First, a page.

Movie Review: Double Feluda

Feluda would have been 78, if he were real and alive with us.

For all Bengalis who have grown up being Ray or Feluda fans, a movie with the latter in it is something to eagerly wait for. Regardless of the fact there is no sense of suspense given that the stories have been committed to memory long back by many of the viewers. The debate about who has played the best Feluda between Soumitro Chatterjee, Sabyasachi Chakravarty and Abir Chatterjee continues.

Double Feluda, movie poster with two pictures of Sabyasachi as Feluda

Double Feluda, movie poster

Oscar winning Manik babu’s son Sandip followed his father’s trail and made some Feluda telefilms, and then moved on to making regular movies starting with Bombaier Bombete, and contiuned with Kailashey Kelenkari, Tintorettor Jishu, Gorosthaney Sabdhan, Royal Bengal Rahasya. Sabyasachi Chakravaty played Felu in all these outings.

Cinematising a character over multiple decades and many stories, especially when the stories are known by the viewers is difficult. Easier to get a miss than a hit. Unfortunately, Babu da (Ray jr.) missed it more often and continues to prove it. However, that would be too blanket a statement to make.

On to of that, the absence of an appropriate actor to play Jatayu poses a problem. All the Jatayu’s have passed on rather early or at least without having played the role too many times, Sadip Ray might not have been left with too much of a choice in terms of stories to cinematise. One option was to reboot with an early Felu story with a younger Felu, Topshe and no Jatayu. That is what he did with Badshahi Angti with Abir Chatterjee as the new Felu. The reboot idea didn’t last long, inspite of the promise that Abir Chatterjee put on display in Badshahi Angti. Chatterjee signed up with director Arindam Sil to play Byomkesh Bakshi (another super popular detective character) and that put paid to his being Felu.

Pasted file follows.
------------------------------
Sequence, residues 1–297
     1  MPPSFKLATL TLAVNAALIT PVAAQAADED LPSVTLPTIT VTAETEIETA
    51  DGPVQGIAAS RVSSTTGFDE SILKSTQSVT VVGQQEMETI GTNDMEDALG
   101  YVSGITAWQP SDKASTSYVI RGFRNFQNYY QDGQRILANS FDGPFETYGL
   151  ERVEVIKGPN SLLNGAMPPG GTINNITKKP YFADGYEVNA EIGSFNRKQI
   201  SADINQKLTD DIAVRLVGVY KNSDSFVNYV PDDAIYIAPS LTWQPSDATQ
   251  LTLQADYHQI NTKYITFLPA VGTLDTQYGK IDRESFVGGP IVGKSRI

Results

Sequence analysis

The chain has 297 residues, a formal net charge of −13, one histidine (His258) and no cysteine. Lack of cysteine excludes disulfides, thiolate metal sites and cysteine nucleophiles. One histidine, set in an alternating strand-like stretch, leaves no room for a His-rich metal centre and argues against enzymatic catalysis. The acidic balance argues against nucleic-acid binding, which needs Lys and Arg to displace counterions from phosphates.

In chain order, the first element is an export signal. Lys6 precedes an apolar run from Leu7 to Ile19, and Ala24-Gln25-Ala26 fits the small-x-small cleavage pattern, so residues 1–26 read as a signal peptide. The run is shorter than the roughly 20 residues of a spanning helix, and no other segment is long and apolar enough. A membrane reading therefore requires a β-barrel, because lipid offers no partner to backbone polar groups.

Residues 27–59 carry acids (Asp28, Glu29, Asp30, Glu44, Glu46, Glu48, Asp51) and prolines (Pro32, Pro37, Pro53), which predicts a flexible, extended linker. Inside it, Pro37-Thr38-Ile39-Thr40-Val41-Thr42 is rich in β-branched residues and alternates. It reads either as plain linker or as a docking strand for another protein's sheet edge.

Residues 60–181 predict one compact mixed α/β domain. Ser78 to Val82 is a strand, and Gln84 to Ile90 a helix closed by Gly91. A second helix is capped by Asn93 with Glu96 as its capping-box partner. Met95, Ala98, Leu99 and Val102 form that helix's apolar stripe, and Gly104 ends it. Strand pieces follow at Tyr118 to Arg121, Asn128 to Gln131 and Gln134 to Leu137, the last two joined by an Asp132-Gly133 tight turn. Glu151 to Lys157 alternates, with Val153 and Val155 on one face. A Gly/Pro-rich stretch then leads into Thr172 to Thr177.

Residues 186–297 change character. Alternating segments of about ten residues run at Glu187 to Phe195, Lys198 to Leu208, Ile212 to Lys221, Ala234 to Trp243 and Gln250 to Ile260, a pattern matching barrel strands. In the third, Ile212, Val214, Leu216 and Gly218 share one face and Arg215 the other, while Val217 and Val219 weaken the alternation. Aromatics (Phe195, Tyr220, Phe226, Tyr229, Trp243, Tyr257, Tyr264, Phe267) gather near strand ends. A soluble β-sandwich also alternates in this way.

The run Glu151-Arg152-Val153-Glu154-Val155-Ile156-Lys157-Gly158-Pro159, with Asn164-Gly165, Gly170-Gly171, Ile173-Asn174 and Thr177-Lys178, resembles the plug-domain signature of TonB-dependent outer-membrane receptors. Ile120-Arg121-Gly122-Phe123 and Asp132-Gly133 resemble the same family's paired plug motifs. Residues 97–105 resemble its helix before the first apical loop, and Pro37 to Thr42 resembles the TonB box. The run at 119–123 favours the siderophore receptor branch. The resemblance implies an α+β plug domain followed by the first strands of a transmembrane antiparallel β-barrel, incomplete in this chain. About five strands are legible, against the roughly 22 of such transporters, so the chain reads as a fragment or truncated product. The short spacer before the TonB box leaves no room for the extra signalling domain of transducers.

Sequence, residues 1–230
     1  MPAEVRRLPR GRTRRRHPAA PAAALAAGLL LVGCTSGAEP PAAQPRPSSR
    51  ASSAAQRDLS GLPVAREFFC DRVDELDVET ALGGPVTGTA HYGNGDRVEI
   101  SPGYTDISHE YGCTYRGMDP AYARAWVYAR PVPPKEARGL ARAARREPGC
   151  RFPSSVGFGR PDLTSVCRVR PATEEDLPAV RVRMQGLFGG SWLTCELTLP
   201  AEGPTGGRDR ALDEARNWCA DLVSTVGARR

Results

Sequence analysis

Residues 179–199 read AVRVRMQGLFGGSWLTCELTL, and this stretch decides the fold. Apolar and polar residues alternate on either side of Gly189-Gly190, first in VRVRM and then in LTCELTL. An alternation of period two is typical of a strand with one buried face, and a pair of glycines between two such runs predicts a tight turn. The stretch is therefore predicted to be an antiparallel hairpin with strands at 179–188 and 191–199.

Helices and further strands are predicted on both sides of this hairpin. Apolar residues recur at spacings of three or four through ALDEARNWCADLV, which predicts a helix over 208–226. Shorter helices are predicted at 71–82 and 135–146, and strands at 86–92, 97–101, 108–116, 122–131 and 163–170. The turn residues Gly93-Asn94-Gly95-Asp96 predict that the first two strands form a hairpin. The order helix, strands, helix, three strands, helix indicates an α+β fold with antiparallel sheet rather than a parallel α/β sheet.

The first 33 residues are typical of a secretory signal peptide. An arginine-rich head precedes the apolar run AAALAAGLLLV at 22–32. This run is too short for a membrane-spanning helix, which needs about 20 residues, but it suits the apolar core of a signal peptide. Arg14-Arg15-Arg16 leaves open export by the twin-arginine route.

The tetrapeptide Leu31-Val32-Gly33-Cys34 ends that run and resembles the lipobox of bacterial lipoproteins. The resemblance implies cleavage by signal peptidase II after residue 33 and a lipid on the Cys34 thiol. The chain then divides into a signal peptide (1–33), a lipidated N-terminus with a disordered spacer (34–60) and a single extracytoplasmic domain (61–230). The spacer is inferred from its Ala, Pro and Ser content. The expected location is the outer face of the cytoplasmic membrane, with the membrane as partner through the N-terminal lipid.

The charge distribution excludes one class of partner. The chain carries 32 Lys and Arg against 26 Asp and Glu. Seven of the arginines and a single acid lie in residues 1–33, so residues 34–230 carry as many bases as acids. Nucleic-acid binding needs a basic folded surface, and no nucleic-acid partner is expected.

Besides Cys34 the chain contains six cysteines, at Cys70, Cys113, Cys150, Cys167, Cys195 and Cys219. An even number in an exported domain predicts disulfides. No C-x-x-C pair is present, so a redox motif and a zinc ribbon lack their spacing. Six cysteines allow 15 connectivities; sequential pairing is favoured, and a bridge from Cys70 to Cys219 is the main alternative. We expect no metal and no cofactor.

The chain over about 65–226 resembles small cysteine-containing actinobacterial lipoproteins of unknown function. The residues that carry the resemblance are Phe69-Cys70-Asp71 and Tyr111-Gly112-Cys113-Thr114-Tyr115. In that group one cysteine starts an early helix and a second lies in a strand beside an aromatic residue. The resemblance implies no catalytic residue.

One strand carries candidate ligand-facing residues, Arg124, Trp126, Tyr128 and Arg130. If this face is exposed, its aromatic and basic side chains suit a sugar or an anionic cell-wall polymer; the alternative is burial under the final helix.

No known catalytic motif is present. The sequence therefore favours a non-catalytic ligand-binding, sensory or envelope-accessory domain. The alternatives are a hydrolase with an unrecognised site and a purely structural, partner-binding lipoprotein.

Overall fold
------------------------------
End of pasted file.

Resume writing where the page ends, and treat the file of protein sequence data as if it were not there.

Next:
Double Feluda book cover with Satyajit Ray's illustration

Double Feluda book cover

In the new Feluda movie, Double Feluda, Sabyasachi is back as Pradosh C Mitter and so is Saheb as Topshe.¬†Double Feluda, is two stories in one movie, based on Ray’s (senior) book by the same name.

The first story, Samaddarer Chaabi, is around Radharaman (Samaddar) who had retired in sub-urbs of Calcutta and had stoked his passion of collecting rare musical instruments post retirement. Post a heart attack, in the presence of his cardiologist, nephew (Monimohan) and his househelp Anukul, he refers to a key in his name. The nephew assumes it to be an indication to a will or some stashed away money both of which would be of interest to him. Monimohon reaches out to Felu to unravel the mystery of the key.

The story then revolves around deciphering the Radharaman’s last words, understanding how the musical instruments work and complexity is added by another musical instrument collector who wanted to buy two of the collectibles, a grandson and the lying nephew. The nephew ends up being the villain, and a neighbourhood boy (Sadhan) the hero. The story is narrated somewhat better than on previous occasions.